After a short drive, we arrived in Monument Valley, spending the day in the Tribal Park, the only place to see the buttes, mesas, and spires closer up. We took the 4 mile hike around the Mittens buttes in the morning and drove the 17 mile scenic route in the afternoon. We decided to book a surprisingly cheap campsite for the night with a phenomenal view; as luck would have it (fortuna imperatrix mundi!), we were just in time for the full moon which would be rising as the sun set. Photographers set up their equipment all in a row in the nearby parking lot to catch the moonrise.
Then up to Moab, a good base from which to explore the surrounding parks. We were forced to camp in the overflow area the first night, but got a beautiful, quiet, and private site for the rest of the week right by the river. We even put up our hammock! From there, we made multiple trips into Arches National Park and one into Canyonlands a bit farther out.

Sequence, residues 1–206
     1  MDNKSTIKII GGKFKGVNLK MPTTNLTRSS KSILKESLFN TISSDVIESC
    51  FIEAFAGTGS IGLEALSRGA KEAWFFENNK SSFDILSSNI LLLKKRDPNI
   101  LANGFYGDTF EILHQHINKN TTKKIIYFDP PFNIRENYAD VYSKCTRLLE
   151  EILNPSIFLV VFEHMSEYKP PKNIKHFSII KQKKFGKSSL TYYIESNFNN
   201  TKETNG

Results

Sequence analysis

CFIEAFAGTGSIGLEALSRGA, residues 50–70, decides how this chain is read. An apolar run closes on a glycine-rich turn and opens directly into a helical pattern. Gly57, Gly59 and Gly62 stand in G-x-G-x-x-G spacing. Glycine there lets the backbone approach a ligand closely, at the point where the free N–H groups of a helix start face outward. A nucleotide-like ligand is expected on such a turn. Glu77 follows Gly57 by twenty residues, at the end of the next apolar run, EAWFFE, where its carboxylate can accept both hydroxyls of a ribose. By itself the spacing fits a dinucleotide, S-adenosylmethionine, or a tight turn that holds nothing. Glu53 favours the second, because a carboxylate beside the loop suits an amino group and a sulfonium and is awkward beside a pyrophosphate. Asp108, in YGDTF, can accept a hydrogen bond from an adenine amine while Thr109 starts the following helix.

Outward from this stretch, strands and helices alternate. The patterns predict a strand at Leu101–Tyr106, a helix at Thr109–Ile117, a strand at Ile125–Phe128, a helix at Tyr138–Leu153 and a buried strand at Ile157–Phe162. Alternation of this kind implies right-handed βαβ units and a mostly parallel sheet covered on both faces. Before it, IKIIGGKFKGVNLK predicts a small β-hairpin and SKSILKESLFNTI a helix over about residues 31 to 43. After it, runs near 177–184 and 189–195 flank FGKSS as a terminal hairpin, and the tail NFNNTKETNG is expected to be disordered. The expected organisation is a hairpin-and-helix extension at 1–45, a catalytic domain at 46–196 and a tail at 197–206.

Unlike the bridges, arches are formed in a different rock layer and do not span riverbeds. Rain and flash floods create crevasses and pools, which slowly eat their way through the rock; giant slabs slide off and the lower, more fragile layers erode, sometime creating arches. The common semi-circular pattern is present in practically every cliff face from the corresponding layer.
We spent a lot of time relaxing at our campsite, too; in the mornings, we'd watch the robin fight a big blue jay of some sort to keep it out of its nest; in the afternoon, lizards would crawl into the small of our backs or behind our knees to get into our shade; in the evening, wild turkeys came by once, and we'd watch the bats twirling overhead; and when the stars came out, we'd try to spot a few shooting ones then get into bed just as our three black widow neighbours emerged from their picnic table lair.